“Let your speech at all times be gracious and pleasant, seasoned with salt, so that you will know how to answer each one who questions you.” – Colossians 4:6
Good national governance is about effective and efficient decision making. Leaders make speeches designed to inform their listeners of the decisions that they have made. Since there are several social partners who have different perspectives from which to contribute, the composite message to a nation should be the spiced synthesis of several voices who speak to governance issues.
The Prime Minister should be the ultimate spokesperson and hence has the responsibility to garner all information from the political, business, labour and specialist knowledge voices.
The political voice should stick to policy on “regulatory” and “service” functions associated with a given issue unless, of course, the politician has real knowledge or experience on that particular issue in which case this is a blessing. Very often a politician in government (I have observed this in several jurisdictions) becomes an instant expert the moment a portfolio has been assigned.
The business voice should contribute based on business success because sustainable economic growth of a nation can only be achieved one successful business after another. It is not often in the Caribbean region that successful businesspersons get involved as sitting politicians.
The labour voice should protect the worker in negotiating favourable working conditions and remuneration packages where there is a deserving cause. However, when trade unions sometimes get carried away with seeking wage increases for the sake of getting more money, especially in the cases where the public and private institutions simply cannot afford it, then this activity can be to the detriment of the country. When the country loses, we all suffer!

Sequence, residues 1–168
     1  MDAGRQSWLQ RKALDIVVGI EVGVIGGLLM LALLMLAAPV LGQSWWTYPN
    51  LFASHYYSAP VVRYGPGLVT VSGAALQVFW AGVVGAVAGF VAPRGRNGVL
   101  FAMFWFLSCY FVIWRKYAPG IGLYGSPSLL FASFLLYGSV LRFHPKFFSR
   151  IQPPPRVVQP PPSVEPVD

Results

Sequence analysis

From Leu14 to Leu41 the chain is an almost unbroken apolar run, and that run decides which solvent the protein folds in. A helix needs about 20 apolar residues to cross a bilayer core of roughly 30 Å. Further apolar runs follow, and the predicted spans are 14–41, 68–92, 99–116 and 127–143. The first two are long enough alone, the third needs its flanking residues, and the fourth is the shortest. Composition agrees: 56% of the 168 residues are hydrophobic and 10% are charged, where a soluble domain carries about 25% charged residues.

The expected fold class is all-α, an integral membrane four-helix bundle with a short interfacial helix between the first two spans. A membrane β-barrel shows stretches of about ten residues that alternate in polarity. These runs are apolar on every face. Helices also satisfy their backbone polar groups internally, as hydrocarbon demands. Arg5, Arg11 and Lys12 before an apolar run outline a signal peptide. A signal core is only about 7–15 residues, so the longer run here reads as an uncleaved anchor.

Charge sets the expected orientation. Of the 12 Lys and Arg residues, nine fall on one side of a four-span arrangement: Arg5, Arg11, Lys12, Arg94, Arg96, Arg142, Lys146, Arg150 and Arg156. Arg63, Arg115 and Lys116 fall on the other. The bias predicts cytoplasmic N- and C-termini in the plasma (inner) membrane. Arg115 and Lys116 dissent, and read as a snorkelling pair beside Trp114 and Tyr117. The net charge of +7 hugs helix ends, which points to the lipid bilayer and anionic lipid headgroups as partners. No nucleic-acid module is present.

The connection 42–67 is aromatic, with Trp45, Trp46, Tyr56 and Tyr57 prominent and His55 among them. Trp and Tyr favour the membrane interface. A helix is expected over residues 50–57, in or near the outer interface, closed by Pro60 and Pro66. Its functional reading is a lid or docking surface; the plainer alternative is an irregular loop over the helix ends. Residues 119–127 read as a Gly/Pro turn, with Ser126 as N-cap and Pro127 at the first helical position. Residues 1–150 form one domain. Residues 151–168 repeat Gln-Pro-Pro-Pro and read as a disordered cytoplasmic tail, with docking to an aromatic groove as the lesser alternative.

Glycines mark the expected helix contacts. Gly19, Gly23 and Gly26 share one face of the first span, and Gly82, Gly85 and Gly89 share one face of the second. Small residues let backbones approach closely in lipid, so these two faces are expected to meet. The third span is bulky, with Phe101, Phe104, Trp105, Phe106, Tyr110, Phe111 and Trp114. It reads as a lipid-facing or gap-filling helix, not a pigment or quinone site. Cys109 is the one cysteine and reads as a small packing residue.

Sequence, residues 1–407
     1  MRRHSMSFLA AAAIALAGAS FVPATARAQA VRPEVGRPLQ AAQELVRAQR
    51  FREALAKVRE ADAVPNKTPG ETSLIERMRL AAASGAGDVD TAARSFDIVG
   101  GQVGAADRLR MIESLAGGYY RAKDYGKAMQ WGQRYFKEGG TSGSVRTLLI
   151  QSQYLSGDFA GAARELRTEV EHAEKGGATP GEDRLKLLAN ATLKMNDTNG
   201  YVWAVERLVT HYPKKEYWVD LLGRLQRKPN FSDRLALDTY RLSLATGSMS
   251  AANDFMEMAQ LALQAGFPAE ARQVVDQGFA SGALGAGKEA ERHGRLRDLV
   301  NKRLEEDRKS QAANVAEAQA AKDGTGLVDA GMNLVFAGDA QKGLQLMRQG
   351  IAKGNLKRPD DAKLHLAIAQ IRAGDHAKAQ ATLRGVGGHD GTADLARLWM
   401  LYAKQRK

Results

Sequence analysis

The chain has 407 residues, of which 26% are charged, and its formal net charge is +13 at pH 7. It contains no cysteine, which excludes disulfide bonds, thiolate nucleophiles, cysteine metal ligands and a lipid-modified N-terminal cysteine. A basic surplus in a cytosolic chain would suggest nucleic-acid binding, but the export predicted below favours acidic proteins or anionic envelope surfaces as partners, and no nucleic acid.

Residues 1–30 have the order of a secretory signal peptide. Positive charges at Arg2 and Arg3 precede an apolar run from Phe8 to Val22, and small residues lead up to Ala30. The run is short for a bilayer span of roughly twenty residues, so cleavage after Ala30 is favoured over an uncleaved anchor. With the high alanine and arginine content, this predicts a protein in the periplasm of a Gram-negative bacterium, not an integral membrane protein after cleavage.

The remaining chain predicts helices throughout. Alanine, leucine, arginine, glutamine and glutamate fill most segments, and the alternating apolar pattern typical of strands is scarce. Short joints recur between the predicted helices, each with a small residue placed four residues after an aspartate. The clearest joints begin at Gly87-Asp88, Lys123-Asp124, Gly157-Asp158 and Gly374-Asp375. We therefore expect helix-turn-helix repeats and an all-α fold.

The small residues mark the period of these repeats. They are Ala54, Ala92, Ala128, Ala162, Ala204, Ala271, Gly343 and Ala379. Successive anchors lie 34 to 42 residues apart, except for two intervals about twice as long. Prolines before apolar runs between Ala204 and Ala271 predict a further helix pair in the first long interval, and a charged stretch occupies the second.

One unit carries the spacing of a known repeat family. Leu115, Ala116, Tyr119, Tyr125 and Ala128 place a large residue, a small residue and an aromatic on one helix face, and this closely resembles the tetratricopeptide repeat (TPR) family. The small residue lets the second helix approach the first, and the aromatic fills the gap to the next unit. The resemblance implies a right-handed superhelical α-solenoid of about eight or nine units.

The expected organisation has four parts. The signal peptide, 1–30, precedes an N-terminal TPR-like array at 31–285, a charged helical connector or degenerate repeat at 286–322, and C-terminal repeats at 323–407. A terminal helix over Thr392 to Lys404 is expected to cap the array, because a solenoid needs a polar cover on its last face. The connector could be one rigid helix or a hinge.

In my opinion, the forward looking voice of the trade union should be to facilitate sessions between employer and employee to enhance labour productivity for fair compensation.
This spiced synthesis of several voices will likely lead to the thorough research of the issues so that the listeners will be in no doubt as to the reason for the decisions. The alternative, which is often the case, is that decisions are at best not sustainable and at worst lead to the haemorrhaging of the existing situation.
Then there are the voices of those with specialist knowledge and experience on a given issue who cry in the wilderness. The solution here is to establish specialist think tanks of the best and the brightest from at home or abroad and invite them to formally lend their voices to the decision making process.
Once again I would like to thank those readers who responded to my column “SAYING YES TO CHANGE” on the future of the idle lands which once drove the sugar cane economy.
From Tobago: “That was a fantastic article which should be shared with the rest of the Caribbean as the comments are so relevant in our current situation…the need for change and persistence in order to survive and progress”.
From a Guyanese, this time via Facebook, who is the name sake of my late father Charles Springer (a Barbadian): “Perhaps my folks in Guyana, bewildered by the politics of Guyana sugar and the Stage4 cancer that has it gasping for breath, should chew on this one.”
Then my trusted responder Major General Joseph Singh made two contributions on a recent high level meeting involving Ministers of the Government, leadership of the Opposition, Union leaders and private investors about the future of the sugar industry in Guyana: http://bit.ly/2jqAaXY. He went on to say here is another opportunity for CARICOM Ahoy!
Let us pool the collective wisdom of all relevant stakeholders into one voice in the interest of good governance which would lead to sustainable development. This, according to the Brundtland Report, is “development that meets the needs of the present without compromising the ability of future generations to meet their own needs.”